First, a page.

As early as 1999, the government recognized the entry of refugees into the Gishwati Forest as an ecological disaster. It ordered thousands of families to leave the reserve and announced that felling trees there remained illegal. But few people complied.
Officials at the Ministry of Lands, Environment, Forestry, Water and Mines could not be reached for comment about their policies, and officials at the government's Information Office said they were not informed about events in the forest reserve.
Aid groups and the government are encouraging residents to plant trees to try to stabilize the remaining topsoil. Tegeri said his community received money for this reforestation but found it little help: Most of the saplings died. There was no money to buy more. "We need experts to help us," he says. "We don't know how to grow trees."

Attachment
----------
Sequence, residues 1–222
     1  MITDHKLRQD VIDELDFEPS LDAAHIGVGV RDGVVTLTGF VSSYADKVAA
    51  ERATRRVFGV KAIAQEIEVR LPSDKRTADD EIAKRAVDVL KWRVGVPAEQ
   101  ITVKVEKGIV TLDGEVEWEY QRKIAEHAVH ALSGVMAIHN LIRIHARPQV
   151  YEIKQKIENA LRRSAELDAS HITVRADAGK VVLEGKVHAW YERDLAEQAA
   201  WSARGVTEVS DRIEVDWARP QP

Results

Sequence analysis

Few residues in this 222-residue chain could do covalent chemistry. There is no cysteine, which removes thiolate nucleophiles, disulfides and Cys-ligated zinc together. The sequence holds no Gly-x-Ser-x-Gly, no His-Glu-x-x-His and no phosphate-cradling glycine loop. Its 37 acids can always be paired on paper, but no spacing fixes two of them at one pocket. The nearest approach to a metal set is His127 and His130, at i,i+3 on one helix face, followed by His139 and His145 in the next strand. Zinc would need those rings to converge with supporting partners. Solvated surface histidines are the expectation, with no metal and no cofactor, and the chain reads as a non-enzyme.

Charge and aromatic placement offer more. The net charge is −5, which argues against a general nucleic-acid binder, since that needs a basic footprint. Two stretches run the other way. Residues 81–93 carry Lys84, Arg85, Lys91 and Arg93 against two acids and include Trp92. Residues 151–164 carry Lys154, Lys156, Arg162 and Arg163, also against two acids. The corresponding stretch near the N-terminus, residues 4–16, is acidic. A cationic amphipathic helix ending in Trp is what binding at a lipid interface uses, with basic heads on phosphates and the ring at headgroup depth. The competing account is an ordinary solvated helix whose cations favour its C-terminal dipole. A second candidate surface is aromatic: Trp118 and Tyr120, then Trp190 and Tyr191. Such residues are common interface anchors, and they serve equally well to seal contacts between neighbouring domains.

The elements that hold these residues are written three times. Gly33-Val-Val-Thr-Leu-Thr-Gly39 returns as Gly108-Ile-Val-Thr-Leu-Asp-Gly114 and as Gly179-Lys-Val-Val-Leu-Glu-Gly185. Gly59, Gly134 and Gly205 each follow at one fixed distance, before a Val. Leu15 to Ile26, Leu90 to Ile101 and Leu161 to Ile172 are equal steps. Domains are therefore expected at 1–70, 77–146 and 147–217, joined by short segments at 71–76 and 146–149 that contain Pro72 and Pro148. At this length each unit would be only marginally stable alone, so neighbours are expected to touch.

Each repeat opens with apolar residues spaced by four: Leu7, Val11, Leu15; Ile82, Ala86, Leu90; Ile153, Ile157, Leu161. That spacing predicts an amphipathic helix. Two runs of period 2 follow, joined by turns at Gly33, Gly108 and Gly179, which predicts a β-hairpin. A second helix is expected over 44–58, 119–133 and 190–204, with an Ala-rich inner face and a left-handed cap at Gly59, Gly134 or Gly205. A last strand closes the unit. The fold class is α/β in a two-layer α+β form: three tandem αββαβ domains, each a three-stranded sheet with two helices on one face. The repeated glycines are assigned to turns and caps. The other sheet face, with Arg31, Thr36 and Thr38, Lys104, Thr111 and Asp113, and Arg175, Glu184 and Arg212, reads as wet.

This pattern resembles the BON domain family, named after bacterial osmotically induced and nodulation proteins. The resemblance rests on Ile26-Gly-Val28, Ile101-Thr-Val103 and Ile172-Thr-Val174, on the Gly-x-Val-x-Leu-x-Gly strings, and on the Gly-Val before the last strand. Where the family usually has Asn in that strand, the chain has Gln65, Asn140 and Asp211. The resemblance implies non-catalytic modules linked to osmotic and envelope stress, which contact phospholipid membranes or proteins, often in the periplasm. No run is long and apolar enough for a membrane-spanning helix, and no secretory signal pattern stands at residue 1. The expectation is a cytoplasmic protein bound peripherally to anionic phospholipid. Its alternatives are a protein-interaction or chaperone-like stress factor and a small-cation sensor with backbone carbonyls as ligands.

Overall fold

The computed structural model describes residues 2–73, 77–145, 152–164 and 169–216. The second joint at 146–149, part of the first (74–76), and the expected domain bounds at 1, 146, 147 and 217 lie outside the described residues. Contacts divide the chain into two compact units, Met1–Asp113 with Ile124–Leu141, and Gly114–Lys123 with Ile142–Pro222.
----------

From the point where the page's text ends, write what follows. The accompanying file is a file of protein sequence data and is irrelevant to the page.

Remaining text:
Deeper into Gishwati, beyond the neon green valleys of tea leaves and the ridges of terraced hills, people echo Tegeri's assessment of the land. A few years ago, they say, the soil was rich and food was plentiful. Now, they say, they are hungry.
"It's an environmental problem throughout Rwanda," says Glenn Bush, an environmental economist who studied the Gishwati region for the Rwanda chapter of the Wildlife Conservation Society. "The area of production has doubled, but the yields have declined by half."
The signs of attempts at reforestation include the skinny trunks of eucalyptus saplings teetering next to the stumps of hundred-year-old hardwoods. People plant shrubs known as imihengeli to border their fields, in an attempt to slow erosion.
Eucalyptus, a fast-growing but thirsty species, saps water from the damaged soil. The shrubs are said to attract rats, and the soil grows no richer, villagers say. They acknowledge that their problems are a product of deforestation, but even the small remaining stand of Gishwati Forest - about 2 1/2 acres, all that's left of nearly 20,000 acres - is under threat.